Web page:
We wrote an extensive birth plan, outlining specifics about how we wanted the labor, the delivery, and the period of time immediately following your birth to go. I would not be hooked up to IVs or monitors. I would be free to move around and change positions. My body, not a doctor, would tell me when to push and for how long. There would be no drugs for pain, nor would there be drugs to speed the labor along. You'd be placed on my abdomen immediately for skin-to-skin contact. Your umbilical cord would not be cut until it stopped pulsing. I would keep my placenta. I would initiate breastfeeding before you were weighed/measured/bathed/etc.

The hospital was on board with our birth plan. Then we found out that you were breech. The hospital would not allow vaginal deliveries of breech babies. Operation: Turn Delilah began. I tried every technique I could find to turn breech babies around. I spent time every day in inverted positions. I saw a chiropractor for a specific baby-turning technique. She reassured me that she had a 90% success rate at getting breech babies turned around. I did self-hypnosis and visualization. I made your daddy hold burning moxa sticks by my toes. I put ice packs where your head was. I talked to you.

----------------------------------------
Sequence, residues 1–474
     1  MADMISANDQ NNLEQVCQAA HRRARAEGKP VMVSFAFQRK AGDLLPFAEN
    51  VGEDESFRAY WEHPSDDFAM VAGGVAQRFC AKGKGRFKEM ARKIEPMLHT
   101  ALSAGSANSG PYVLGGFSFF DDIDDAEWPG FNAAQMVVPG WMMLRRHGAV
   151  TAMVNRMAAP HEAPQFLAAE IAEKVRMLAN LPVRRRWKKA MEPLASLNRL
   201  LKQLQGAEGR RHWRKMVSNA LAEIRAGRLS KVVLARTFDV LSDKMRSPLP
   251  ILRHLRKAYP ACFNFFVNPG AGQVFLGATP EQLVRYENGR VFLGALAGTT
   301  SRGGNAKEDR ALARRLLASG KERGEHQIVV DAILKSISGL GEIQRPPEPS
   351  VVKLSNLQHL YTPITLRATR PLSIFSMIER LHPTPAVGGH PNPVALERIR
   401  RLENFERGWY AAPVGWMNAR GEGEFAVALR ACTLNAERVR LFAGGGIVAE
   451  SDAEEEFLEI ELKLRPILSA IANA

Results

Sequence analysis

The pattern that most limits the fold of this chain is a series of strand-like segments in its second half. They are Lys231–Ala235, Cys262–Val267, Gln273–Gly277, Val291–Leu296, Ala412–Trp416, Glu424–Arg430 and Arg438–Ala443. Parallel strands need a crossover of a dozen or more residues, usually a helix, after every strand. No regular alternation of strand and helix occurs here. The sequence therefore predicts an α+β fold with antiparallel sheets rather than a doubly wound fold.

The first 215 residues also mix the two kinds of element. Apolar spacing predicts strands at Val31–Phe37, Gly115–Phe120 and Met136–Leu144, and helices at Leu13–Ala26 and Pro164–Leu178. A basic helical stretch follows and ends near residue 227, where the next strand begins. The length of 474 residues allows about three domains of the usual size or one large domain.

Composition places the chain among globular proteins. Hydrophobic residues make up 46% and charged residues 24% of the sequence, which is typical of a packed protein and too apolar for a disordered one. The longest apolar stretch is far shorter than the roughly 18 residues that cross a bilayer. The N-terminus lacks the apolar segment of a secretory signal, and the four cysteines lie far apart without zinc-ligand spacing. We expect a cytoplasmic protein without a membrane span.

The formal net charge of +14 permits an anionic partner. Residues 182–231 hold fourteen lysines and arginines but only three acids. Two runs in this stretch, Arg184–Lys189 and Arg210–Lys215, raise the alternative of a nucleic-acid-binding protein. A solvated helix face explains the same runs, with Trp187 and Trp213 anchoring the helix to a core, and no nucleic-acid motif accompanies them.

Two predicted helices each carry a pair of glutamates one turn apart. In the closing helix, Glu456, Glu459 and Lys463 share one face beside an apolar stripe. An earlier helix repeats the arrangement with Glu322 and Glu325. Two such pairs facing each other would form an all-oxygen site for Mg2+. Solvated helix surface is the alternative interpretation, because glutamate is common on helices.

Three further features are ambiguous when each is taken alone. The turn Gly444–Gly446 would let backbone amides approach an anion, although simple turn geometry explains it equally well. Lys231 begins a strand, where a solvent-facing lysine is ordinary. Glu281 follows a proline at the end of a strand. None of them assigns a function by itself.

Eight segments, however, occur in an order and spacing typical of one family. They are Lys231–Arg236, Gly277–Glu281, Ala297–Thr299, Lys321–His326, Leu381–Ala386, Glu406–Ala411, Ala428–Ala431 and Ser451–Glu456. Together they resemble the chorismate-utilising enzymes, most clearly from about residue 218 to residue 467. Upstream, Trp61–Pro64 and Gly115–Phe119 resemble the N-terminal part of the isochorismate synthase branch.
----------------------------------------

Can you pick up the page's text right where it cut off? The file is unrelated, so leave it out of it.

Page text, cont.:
I begged and pleaded with you to put your head down, so you could have the gentle, natural birth you deserved. My memories of this aren't all bad, by any means. I can still remember exactly where your head was, right beneath the right side of my rib cage. I would rub your head and talk to you, tell you how much I loved you already, and how I couldn't wait to meet you.